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NB: as of 23 September 2008, all new artSMart articles are being published on the site news.artsmart.co.za.

NAF, GRAHAMSTOWN, JULY 4 (article first published : 2008-07-5)

This is my last day at the festival so most of my time was taken up with writing last-minute reviews and packing. Looking back over the last week, it’s been a stimulating experience to have seen so many fine productions. The only problem is that, after a while, one runs out of superlatives and longs for a bummer so you can stretch your vocabulary in the opposite direction!

Another reason why I enjoy coming to Grahamstown for the festival – despite the distance, the cost and the cold - is to preserve that vital time to recharge my batteries and to reaffirm my belief that there is still a theatre-going public in South Africa. Would more of them lived in Durban!

In an interview which appeared in this morning’s Cue, with Cue reporter Leila Hall, new CEO Tony Lankester stated that Grahamstown should prepare itself for a 17-day-long festival in two years time. The aim is to divert 2010 World Cup visitors to Grahamstown during the gaps between games and the prospect of a newly rebuilt railway line between Grahamstown and Port Alfred will open up new accommodation prospects. Next year is to be a “warm-up year” when it is hoped that the festival will be extended by a day or two to assess the logistics.

Cue guest writer Anthea Garman wrote about the focus of this year’s Winter School in an article headed “We’ve got a lot to worry about: Winter School speakers call for citizens to wake up and save SA’s precious institutions from a government turned party”.

It seems that many of the speakers chose the event to express concerns on this subject. Deborah Posel, the director of the Wits Institute for Social and Economic Research, is quoted as saying: “What we are seeing in South Africa is the `erosion of the state’. We don’t have a government but a party running our country. We have to move into a politics where people are mobilised into an active citizenry that holds the state to account. It is extremely dangerous now in South Africa to trust the state.”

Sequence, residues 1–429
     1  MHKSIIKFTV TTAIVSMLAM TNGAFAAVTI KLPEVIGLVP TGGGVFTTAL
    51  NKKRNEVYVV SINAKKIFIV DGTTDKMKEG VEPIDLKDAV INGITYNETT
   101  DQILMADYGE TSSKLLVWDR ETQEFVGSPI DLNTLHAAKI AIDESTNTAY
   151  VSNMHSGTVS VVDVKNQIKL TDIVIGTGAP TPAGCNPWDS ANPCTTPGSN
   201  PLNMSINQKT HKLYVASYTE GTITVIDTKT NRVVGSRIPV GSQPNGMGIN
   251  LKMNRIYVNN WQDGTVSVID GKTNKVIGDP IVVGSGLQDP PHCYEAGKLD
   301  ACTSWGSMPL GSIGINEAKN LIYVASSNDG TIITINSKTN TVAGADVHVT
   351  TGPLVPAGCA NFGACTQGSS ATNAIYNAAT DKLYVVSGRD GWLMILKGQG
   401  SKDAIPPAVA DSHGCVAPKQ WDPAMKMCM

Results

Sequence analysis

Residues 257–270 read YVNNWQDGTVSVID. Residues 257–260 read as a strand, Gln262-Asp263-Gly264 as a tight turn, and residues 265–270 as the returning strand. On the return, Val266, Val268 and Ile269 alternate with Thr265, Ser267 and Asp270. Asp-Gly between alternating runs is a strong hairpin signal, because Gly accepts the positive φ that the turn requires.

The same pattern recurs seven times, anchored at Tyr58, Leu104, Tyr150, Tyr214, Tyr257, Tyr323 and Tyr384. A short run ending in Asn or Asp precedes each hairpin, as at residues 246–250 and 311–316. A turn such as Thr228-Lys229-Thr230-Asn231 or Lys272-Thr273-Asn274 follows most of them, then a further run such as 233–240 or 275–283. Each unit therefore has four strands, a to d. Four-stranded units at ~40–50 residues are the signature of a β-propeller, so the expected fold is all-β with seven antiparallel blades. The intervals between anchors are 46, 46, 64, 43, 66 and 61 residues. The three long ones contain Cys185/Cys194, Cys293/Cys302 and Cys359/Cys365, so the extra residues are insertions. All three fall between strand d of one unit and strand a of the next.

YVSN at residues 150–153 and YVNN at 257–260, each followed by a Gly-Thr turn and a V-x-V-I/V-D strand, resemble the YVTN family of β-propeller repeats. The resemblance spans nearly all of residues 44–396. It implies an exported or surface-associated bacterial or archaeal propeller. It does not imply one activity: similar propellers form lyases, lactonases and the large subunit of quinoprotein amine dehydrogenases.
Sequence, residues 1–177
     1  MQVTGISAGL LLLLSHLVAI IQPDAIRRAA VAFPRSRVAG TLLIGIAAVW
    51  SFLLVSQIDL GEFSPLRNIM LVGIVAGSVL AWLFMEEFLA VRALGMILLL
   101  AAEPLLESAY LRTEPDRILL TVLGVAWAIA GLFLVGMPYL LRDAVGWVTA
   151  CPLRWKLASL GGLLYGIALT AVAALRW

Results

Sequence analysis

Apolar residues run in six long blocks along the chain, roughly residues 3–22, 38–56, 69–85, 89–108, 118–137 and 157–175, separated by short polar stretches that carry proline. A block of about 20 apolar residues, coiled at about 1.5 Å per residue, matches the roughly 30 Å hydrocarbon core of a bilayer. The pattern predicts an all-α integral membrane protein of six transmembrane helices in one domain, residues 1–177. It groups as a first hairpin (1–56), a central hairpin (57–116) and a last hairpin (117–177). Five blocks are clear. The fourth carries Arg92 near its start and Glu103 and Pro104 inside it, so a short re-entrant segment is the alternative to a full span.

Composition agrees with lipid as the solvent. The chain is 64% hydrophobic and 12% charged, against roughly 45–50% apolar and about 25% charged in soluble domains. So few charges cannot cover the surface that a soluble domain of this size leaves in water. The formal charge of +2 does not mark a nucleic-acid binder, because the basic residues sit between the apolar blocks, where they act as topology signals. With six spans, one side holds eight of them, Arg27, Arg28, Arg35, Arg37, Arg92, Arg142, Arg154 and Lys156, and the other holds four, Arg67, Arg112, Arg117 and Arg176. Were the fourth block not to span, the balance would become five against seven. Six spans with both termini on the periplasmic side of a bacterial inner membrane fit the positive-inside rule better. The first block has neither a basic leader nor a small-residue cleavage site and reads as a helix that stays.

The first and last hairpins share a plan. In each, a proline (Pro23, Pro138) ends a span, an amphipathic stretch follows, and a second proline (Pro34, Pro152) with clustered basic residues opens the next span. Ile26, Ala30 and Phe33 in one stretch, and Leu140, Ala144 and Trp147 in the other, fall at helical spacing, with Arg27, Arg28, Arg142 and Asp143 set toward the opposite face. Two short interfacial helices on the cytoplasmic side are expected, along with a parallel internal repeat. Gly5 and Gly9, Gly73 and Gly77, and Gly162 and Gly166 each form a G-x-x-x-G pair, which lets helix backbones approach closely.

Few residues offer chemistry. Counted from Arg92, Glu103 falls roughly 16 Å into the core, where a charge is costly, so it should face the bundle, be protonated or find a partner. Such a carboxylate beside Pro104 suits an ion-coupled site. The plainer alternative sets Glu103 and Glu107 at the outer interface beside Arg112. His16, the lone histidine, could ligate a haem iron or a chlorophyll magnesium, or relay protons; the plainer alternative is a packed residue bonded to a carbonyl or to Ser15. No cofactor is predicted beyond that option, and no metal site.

These sentiments resound in a line in Biko: Where the Soul Resides where Steve Biko and Barney Pityana are discussing what would actually happen when a black government was in power: “Everyone’s jostling for positions and we’re not even in power yet!” The year? 1973!

Biko: Where the Soul Resides could easily have become a politically angst-ridden production but instead writer and director Martin Koboekae has produced an exciting and dramatic play which honours his achievements but at the same time allows us to come to know Steven Bantu Biko, the man.

In his programme notes, Martin Koboekae states: “I have tried in the play both to capture Biko’s dialogue, which in real life sparkled with wit giving intellectual pleasure, and to expose his oratory and persuasive disposition.” He goes on to say that he wrote the play as a tribute to “the life of one of the selfless sons of Africa, who sacrificed so much for his country and who artistically has not been fittingly honoured 30 years after his death.”

The play covers certain incidents in the last 10 years of Biko’s life and the role of the political icon is in the very capable hands of Masoja Msiza who gives us the right balance of tempestuous energy, sexual attraction, forceful articulation and clear-cut vision - not to mention an impressive demonstration of the monkey-jive! This is a formidable performance that allows the humorous aspects to stand alongside the political while his scenes in the interrogation room were emotionally charged.

Patrick Bokaba as Barney Pityana and Boitumelo Mothabela as Mamphela Ramphele were good foils for Masoja Msiza’s energy. They are well supported by Erno van Dyk (Father Stubbs/Judge Boshoff); Tsallo Chokwe (Ben Ngubane/Malusi Mpumlwana); Sibulele Gcilitshana (Ntsiki Biko/Vuyelwa Mashalaba); Errol Ndotho (Aubrey Mokoape/Mapetla Mohapi); Bruce Gounder (Strini Moodley) and David Dukas (Sergeant Hattingh).

The setting needs to be streamlined as it is quite inhibiting at present and slows the action. The judges’ podium, which was only required towards the end of the play, could have been removed until such time as it was needed because it masked much of the video imagery. However, as the play drew to its dramatic close, it was the fighting spirit and vision of Biko that remained uppermost.

The evening remained crisp and clear, with lightning flashes to be seen far away in the direction of Port Elizabeth. A cold front has been promised for the weekend. While I’ll be sorry to leave the festival and Grahamstown tomorrow, I welcome returning to Durban’s warmer weather! – Caroline Smart




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